**[0039]**The column vector m(k) is the 2N

_{S}-element vector of pseudorange 118 and residual Doppler 116 measurements (where N

_{S}is the number of satellites in track). This latter type of measurement is new and innovative, and not found in any conventional GPS receiver. The residual Doppler measurement 116 represents the difference between the measured Doppler frequency and the value predicted by the navigation filter state estimate.

**[0040]**The elements of m(k) may be assumed to be organized in a column vector as follows:

**m**_ ( k ) = [ ρ ~ k ( 1 ) ρ ~ k ( 2 ) ρ ~ k ( N S ) pseudoranges ω ~ k ( 1 ) ω ~ k ( 2 ) ω ~ k ( N S ) residual Dopplers ] T ( 6 ) ##EQU00005##

**[0041]**The vector m({circumflex over (x)}.sup.-(k)) in Equation 3 represents predicted measurements, where the predictions depend on the EKF predicted state. Thus, the difference vector m(k)-m({circumflex over (x)}.sup.-(k)) is the innovations vector for the EKF. The predicted pseudorange measurement to the lth satellite, S

_{l}, is given by:

**{circumflex over (ρ)}.sub.(k).sup.(l)=∥{circumflex over (r)}.sup.-(k)-r**

_{S}

_{l}(k)∥+δ{circumflex over (T)}.sup.-(k) (7)

**where r**

_{S}

_{l}(k), the ECEF satellite position at update time step k, is obtained via the ephemeris data for the satellites. Equation 7 provides the predicted value of {tilde over (ρ)}

_{k}.sup.(l).

**[0042]**Under ideal conditions, the residual Doppler frequency {circumflex over (ω)}

_{k}.sup.(l) would be zero-valued, i.e. {circumflex over (ω)}

_{k}=0, for all update time steps k and all satellites l. This would be true if the physical realization of the mathematical models were ideal. Since this is seldom the case, the residual Doppler measurements play an important role in improving the filter state model, as discussed below.

**[0043]**The matrix H(k) is the measurements sensitivity matrix. The general form of this matrix is the following:

**H**( k ) = [ h _ ρ 1 T ( k ) h _ ρ N S T ( k ) h _ ω 1 T ( k ) h _ ω N S T ( k ) ] .di-elect cons. ( 8 ) ##EQU00006##

**where the rows of Equation**8 are as follows:

**h**_ ρ l T ( k ) = [ ( r _ ( k ) - r _ S l ( k ) ) T r _ ( k ) - r _ S l ( k ) 0 _ 1 × 3 10 1 0 ] h _ ω l T ( k ) = [ - ( r _ ( k ) - r _ S l ( k ) ) T ( v _ ( k ) - v _ S l ( k ) ) r _ ( k ) - r _ S l ( k ) 3 [ r _ ( k ) - r _ S l ( k ) ] T + ( v _ ( k ) - v _ S l ( k ) ) T r _ ( k ) - r _ S l ( k ) ( r _ ( k ) - r _ S l ( k ) ) T r _ ( k ) - r _ S l ( k ) 0 - 1 ] ( 9 ) ##EQU00007##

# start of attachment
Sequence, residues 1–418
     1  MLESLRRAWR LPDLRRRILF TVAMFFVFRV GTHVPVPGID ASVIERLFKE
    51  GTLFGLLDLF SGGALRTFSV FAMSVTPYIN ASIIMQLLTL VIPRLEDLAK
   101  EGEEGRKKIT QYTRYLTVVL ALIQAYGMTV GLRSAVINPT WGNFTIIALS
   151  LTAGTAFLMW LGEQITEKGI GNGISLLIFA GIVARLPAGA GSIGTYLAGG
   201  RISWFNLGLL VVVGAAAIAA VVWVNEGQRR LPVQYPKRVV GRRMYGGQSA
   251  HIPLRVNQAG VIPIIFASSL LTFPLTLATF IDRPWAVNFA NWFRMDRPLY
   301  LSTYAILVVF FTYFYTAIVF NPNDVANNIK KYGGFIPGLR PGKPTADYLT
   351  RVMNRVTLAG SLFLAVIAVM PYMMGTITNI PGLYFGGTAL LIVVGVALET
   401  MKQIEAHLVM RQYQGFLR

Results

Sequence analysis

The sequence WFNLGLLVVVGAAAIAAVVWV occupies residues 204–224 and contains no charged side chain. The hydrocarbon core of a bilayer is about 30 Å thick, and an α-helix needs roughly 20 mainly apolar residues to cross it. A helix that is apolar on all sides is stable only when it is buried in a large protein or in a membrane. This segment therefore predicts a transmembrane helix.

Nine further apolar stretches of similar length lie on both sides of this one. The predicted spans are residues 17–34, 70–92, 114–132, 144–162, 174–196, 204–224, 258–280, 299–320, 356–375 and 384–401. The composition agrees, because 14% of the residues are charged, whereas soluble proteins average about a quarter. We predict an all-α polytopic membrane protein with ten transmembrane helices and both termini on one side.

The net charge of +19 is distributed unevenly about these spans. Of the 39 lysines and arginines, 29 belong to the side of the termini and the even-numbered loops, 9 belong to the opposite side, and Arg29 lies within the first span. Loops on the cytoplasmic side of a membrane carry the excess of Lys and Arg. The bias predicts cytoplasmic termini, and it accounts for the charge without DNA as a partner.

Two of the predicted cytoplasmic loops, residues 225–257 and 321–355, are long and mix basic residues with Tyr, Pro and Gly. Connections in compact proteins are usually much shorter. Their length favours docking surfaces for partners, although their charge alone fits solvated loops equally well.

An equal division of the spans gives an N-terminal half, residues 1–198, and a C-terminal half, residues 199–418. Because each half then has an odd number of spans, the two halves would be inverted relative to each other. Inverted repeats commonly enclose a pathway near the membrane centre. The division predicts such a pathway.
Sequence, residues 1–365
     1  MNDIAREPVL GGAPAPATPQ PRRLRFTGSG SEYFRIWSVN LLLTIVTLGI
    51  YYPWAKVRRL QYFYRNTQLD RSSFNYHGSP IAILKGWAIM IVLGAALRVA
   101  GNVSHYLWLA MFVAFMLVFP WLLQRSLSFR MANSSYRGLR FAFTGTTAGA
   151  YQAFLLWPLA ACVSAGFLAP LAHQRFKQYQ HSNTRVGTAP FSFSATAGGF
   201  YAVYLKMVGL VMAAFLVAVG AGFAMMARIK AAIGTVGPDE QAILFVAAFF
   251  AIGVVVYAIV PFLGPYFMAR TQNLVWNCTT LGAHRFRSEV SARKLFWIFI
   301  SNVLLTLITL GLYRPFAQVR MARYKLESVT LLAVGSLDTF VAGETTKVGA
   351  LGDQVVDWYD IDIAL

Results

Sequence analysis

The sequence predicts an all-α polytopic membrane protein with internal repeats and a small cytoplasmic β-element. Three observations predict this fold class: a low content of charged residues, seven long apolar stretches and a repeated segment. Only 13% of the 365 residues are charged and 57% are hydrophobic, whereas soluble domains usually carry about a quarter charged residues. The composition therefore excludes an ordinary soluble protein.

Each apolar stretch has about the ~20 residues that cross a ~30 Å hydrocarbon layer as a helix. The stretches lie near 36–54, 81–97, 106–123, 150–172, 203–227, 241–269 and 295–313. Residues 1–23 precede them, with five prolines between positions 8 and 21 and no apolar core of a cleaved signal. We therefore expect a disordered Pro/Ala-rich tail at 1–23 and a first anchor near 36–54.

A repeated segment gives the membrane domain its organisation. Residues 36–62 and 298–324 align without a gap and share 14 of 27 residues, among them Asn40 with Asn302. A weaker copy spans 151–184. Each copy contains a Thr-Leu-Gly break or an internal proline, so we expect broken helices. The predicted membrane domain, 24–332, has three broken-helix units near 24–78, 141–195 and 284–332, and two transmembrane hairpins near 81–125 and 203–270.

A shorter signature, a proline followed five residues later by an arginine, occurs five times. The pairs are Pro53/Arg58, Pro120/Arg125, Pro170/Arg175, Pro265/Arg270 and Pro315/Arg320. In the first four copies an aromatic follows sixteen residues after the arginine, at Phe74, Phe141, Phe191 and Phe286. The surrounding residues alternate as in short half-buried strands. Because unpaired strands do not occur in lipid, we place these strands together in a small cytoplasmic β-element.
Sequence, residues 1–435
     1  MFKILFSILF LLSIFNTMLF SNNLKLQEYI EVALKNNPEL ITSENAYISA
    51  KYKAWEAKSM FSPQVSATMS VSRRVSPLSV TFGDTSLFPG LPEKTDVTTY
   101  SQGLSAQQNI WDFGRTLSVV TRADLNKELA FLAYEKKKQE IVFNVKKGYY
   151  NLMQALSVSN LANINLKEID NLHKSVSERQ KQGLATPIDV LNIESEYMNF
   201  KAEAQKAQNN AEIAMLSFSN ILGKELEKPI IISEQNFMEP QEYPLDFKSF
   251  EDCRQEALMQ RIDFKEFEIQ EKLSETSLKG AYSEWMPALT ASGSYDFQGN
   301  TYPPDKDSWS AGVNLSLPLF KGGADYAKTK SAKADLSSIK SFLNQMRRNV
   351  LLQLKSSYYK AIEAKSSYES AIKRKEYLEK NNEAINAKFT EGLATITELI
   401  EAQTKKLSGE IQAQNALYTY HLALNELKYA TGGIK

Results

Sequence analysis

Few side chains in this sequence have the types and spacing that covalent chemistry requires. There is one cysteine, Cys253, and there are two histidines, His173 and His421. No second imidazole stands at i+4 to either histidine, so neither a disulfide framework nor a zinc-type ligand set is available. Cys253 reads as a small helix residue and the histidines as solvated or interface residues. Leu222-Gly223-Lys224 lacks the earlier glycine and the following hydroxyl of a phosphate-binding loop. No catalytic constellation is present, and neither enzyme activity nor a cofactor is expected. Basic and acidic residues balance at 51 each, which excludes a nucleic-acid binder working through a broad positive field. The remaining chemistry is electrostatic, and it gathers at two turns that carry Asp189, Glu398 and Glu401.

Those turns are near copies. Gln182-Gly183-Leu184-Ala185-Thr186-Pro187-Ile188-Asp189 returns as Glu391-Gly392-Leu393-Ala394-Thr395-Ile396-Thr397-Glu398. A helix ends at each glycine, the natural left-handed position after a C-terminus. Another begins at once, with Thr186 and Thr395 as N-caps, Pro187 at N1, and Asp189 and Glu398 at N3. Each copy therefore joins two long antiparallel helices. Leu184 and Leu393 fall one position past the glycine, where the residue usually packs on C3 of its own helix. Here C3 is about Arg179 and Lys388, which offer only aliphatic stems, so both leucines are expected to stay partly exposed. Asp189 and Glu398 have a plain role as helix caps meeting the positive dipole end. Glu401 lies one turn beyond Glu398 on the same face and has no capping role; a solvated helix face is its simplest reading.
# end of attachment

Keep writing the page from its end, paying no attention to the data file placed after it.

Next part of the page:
**[0044]**The hatted form of H(k) in Equation 3, i.e. H(k), is intended to mean that H(k) is H(k) evaluated at the predicted state vector {circumflex over (x)}.sup.-(k). The ECEF satellite position r

_{S}

_{l}(k) and ECEF satellite velocity ν

_{S}

_{l}(k) are derived from the satellite ephemeris information. The sensitivities h.sub.ω

_{l}(k) corresponding to residual Doppler measurements are the same as the sensitivities for standard Doppler measurements, as given in Equation 9.

**[0045]**B. Probabilistic Data Association (PDA) for Improved Navigation Solution

**[0046]**This section discusses the probabilistic data association (PDA) algorithm, which is used in the present invention for smoothing the navigation solution. (See, e.g., Y. Bar-shalom, T. Kirubarajan, X. Lin, "Probabilistic Data Association Techniques for Target Tracking with Applications to Sonar, Radar and EO Sensors," IEEE Aerospace and Electronics Systems Magazine, Vol. 20, No. 8, pp. 37-56, 2003). Use of the PDA algorithm significantly improves the navigation filter performance by probabilistically fusing the measurements made using signals from the different satellites. In the VT of the present invention, PDA assigns greater weight to the measurements from satellites with strong GPS signals and less weight to those from satellites with weak signals, which usually exhibit larger pseudorange and Doppler errors. In this way, the state estimate is more robust with fewer outliers.